Your Wealth Questions

Your Wealth Questions

Retirement Planning Question: Moving a 401(k)

Q: I am a 60 year old single female with a few 401(k) accounts from previous employers that total about $200,000.00. These are separate from my existing 401(k). I am currently not contributing to them. Last year, they reflected an increase of 8%. If I move these funds to your firm, how much better do you think I might do? I know there is no guarantee. Is the $2500.00 annual fee  that I see on your website the only expense I would have annually for you to manage those funds.

A: To start, we actually have a solution that doesn’t require a $2,500 minimum fee. We built out an investment platform to be able to serve clients with no minimum investment. So the fee schedule is as follows:

·         1% on assets up to $250,000

·         0.9% on assets from $250,000 - $500,000

·         0.75% on assets from $500,000 - $1,000,000

The only additional fees are the trading costs at the custodian where your assets would be held. This is similar to the advertisements you see about $7.95 trades at Fidelity, etc. We are cognizant of these costs and try to keep these trading low.

As far as the old 401(k) accounts are concerned, at a minimum we’d recommend you roll the money out of the plans and into an IRA. You will likely be able to choose the same investments in an IRA as you would in the 401(k) but you would not be participating in the 401(k) Plan fees and expenses (which are probably not broken out for you to easily see). 

From a performance standpoint, 8% is pretty good. It’s all relative to the amount of risk we’re taking though. We manage accounts that range from All Growth allocations to All Income allocations so you’d expect different performance levels for different risk tolerances. You are correct about there not being any guarantees, but I will tell you that our goal is not to “beat the market”. We believe in a strategic investment strategy. In other words, our goal is to achieve our fair share of return given the amount of risk we’re taking while “paying for ourselves”. So, for example, if you could get 6% in a balanced investment strategy, our goal is to get 7%, thus “paying for ourselves”.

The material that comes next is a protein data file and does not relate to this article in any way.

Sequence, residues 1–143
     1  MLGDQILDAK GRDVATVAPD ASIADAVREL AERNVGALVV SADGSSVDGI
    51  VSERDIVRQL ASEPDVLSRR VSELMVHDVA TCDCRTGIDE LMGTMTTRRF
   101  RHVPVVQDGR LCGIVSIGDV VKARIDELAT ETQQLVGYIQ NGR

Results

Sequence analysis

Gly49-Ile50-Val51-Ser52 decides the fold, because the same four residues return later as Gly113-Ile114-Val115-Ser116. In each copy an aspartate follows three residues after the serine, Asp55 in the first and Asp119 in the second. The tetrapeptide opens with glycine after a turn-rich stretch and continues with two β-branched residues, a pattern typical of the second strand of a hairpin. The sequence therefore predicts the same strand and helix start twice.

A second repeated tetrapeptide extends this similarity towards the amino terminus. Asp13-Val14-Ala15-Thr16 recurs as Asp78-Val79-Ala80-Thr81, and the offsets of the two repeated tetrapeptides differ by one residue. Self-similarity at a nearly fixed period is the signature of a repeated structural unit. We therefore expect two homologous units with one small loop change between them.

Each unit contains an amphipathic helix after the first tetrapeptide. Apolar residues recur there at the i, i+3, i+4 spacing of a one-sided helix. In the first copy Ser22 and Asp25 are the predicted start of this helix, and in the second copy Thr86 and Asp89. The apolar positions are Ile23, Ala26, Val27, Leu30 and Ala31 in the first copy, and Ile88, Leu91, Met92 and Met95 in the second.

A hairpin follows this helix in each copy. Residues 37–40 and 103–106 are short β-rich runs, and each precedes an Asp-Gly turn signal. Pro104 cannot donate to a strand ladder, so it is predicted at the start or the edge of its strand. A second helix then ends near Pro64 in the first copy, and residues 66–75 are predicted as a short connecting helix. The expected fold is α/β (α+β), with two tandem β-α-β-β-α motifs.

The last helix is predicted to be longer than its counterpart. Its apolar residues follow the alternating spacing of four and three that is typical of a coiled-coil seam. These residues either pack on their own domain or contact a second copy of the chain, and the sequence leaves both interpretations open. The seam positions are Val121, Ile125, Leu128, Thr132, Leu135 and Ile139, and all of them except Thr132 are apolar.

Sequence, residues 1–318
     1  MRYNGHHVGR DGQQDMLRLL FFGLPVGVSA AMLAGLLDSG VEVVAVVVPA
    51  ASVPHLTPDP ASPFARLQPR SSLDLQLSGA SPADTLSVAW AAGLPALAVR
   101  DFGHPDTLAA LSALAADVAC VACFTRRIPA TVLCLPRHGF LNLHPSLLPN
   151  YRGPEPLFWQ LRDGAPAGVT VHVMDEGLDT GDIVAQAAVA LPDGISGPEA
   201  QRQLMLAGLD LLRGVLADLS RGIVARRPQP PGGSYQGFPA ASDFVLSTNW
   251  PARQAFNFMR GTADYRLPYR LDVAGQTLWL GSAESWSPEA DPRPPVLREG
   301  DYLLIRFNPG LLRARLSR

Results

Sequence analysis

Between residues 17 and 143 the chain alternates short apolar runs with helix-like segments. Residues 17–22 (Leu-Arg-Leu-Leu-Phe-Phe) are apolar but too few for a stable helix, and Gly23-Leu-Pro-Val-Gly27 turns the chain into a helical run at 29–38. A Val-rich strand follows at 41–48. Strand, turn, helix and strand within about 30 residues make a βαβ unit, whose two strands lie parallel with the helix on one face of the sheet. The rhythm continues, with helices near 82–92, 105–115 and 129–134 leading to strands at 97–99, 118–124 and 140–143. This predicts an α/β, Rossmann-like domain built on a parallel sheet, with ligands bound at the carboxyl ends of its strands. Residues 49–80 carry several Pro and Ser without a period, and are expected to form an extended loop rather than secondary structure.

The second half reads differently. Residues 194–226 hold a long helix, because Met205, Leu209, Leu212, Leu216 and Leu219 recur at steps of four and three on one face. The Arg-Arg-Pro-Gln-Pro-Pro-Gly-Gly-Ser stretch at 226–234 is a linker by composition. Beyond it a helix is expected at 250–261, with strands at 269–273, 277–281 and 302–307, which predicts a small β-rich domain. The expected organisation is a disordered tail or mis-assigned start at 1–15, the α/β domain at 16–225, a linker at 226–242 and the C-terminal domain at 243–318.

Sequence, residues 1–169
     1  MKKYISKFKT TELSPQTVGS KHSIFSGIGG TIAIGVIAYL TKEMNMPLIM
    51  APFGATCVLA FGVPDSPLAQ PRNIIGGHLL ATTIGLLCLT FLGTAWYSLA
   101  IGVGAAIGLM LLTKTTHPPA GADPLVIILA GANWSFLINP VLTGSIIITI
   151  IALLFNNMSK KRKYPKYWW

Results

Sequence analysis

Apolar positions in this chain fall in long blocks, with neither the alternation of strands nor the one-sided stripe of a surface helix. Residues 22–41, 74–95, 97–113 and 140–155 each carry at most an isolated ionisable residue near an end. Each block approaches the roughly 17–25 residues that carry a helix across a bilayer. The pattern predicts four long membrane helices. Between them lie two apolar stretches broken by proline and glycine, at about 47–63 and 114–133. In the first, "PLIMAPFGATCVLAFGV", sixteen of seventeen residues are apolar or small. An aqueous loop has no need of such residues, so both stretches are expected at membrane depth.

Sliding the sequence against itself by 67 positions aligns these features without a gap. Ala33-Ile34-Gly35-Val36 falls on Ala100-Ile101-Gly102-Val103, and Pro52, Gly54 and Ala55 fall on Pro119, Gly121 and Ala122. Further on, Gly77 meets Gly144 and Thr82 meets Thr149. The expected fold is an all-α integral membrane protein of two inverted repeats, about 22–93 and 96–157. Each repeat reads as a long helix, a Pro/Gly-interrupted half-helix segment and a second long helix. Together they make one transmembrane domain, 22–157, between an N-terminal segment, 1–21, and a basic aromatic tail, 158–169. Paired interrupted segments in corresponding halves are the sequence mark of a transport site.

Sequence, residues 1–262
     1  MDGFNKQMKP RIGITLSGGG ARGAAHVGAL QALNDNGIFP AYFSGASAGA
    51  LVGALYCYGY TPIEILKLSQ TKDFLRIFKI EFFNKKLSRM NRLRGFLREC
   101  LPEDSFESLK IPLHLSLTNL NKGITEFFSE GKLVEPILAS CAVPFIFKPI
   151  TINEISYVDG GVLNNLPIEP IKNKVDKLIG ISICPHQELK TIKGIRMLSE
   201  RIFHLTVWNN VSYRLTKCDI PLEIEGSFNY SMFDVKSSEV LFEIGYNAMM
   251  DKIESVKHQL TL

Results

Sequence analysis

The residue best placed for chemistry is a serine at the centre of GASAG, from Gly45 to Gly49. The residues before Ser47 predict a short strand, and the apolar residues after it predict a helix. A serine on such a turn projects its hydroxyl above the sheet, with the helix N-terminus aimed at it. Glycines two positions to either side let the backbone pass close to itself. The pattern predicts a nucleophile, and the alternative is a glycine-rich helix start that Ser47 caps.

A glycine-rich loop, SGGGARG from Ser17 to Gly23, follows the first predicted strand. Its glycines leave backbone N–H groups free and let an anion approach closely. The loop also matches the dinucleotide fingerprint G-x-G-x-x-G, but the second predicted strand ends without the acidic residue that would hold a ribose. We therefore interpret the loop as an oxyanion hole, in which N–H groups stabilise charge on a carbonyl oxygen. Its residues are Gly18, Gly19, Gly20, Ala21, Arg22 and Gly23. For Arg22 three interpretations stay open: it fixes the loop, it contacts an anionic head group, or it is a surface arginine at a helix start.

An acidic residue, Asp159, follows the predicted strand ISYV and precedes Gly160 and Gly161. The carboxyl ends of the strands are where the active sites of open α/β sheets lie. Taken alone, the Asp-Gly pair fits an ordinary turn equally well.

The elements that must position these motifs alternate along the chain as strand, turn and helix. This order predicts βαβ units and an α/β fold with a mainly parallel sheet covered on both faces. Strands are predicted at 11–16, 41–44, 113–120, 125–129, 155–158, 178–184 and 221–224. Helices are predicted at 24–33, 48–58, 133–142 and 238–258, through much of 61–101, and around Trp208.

I hope this helps. At a minimum, we’d recommend you move the 401(k)s that you’re not participating in to an IRA. The chances are really good that you’d be able to buy the same (or at least very similar) investments in the IRA as you’re currently invest in the 401(k) but lower your fee structure.


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Retirement Planning Question: Portfolio Mix

Q: With the market falling due to fears of interest rates increasing, I was wondering if I should change my investment mix. I took a $12,000 hit yesterday and I plan on retiring in 3 to 5 years. I have nearly $600,000 in my 401(k) with a mix of bonds, US Equity, and Special Sector.  Can you please steer me in the right direction? I do not want to lose my nest egg during the stretch run of my career.

A: Please be advised we are unable to give specific investment advice without engaging you as a client and each individuals situation is different. When trying to decide how to allocation a portfolio we would consider age, assets, risk tolerance, tolerance, etc. However, a base line allocation might look something like this: